Containers

Getting Started With Mono on Docker

21 May 2015 7:49am, by

It’s barely two years since Docker was released and there are now over 13,000 images available to download from the Docker Hub. If you are new to Docker, it’s best described as a way of packaging an application and its dependencies inside a virtual container that can run on any Linux server. This is a lot less demanding than packaging an app in a virtual machine and operating system.

Programming Mono Apps

After Java and C/C++, the next most popular programming language is C#, and it’s part of the .NET world on Windows. Not long after C# was released, the Mono project was launched to develop the equivalent of .NET, but running on Linux and Mac. Despite initial suspicion that it was a way for Microsoft to attack Linux through patents, it has grown and now underpins the cross-platform mobile development system Xamarin.

There are some key differences between .NET and Mono, for example WinForms and WPF are Windows only, but by and large you can take most .NET compiled C# executables, copy them to a Linux system that has Mono installed, and this command:

… will run the App.

The purpose of this post is to provide an example for how to use Docker with the Mono technology.

Why Docker?

Why is Docker so good? Say you want to try something out on Nginx or Centos, or PostgreSQL. Without Docker you could spend hours installing them, configuring, etc. With Docker, you can do it in literally seconds.

Docker is open source and will appear in the next Windows 2016 Server release, but for now its use is limited to Linux and Mac OS X. Using the open source Oracle VirtualBox as I did lets you install Docker, running in a virtual machine inside VirtualBox, on Windows. You could, for example, install a full Linux such as Ubuntu Server into VirtualBox, or use a special helper application called Boot2Docker.

Let’s Dock

If you’re new to Docker, read the user guide. You need to understand running apps, working in containers and daemonizing apps. It’s not terribly difficult; the user guide pages are well written and easy to read.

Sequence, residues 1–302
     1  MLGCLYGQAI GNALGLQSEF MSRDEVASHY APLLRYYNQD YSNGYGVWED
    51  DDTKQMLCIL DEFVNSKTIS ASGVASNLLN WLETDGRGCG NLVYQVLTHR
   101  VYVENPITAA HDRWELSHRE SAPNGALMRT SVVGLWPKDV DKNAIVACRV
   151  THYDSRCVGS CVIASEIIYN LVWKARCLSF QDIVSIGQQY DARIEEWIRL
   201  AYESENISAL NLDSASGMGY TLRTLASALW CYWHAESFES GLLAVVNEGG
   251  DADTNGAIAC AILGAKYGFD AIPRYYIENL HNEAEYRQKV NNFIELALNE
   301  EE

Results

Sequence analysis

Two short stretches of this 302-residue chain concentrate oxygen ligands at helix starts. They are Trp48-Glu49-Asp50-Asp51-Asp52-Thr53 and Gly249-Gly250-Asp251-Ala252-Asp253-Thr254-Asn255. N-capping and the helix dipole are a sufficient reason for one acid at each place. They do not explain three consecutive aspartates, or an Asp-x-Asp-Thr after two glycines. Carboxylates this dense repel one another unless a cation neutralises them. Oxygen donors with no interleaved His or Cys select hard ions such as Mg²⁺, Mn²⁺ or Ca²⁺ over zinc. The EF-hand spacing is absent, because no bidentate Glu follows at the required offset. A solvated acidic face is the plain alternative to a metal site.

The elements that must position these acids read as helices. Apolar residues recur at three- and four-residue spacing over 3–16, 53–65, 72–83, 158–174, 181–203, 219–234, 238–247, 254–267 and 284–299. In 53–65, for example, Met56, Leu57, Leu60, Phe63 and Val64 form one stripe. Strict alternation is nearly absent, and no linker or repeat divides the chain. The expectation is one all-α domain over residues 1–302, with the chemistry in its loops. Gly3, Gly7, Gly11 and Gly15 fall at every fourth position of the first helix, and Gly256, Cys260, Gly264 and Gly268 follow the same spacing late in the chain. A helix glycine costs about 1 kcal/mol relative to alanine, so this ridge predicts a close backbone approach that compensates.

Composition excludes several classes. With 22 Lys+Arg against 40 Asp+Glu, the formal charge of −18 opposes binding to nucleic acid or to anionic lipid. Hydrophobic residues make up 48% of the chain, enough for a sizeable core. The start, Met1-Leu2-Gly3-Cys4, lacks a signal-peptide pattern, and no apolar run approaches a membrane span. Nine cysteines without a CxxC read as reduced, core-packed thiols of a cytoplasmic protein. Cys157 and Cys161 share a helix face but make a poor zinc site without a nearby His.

It gets a little more complicated when creating an app to run in Docker. The app I’ve created is a simple “calculate the first 1,000 primes” in C# using the sieve of Eratosthenes. It outputs all the primes between 2 and 1,000. This compiles and runs on Windows, and will run on any Linux system with Mono installed.

We want to run this aplication inside a container. Let’s look at a simpler application — Hello World — first and then return to this.

For the sake of completeness, we’ll run Hello World under Ubuntu 14.04 (Trusty Tahr). If you have installed Docker, you can run the one line Hello World with this command.

Here, Ubuntu 14.04 is the container. The first time you run this it will download the container and install it, which takes about a minute, or slightly longer for a 68 MB image. Then it runs the command /bin/echo ‘Hello World’ and that just outputs Hello World on the terminal. On second and subsequent runs, it runs immediately.

So to run the sieve app, we need to make sure Mono is installed as we need to both compile sieve and run it. The Docker registry lists a bunch of Mono repositories and the first one seems popular. That first Mono link takes you to this page.

Now to define what happens, we need to create a file, specifically one called Dockerfile.

What is a Dockerfile?

A Dockerfile is a text file that contains all the instructions to fetch and build the software.

The reference pages include a page about Dockerfiles. For the example sieve program, it’s a very short file. Here’s the Dockerfile I cobbled together:

Commands are in uppercase. FROM specifies the Mono image to use. In this case it’s mono:latest. You can specify which version of Mono you wish to use here. ADD copies the files into the specified folder, RUN uses the Mono compiler mcs to compile it and CMD runs the exe with the Mono command.

The first time you run the build, it will fetch anything it doesn’t have locally. This command builds it:

Then this command runs it:

And voila, one Dockerized Mono app with the last of the prime numbers showing. Now there’s a lot more to Docker, for example daemonizing apps is particularly important as that makes web and other servers possible.

Conclusion

Docker is a very convenient and time saving way to try out software on different platforms. It makes it easy to move software from development to production consistently. It allows applications to be put in a container with an operating environment, similar to running on a virtual machine but taking up way less space. Virtual machines each have a copy of the OS and can be many gigabytes in size. With Docker there’s really only one operating system that’s shared.

Feature image via Flickr Creative Commons.

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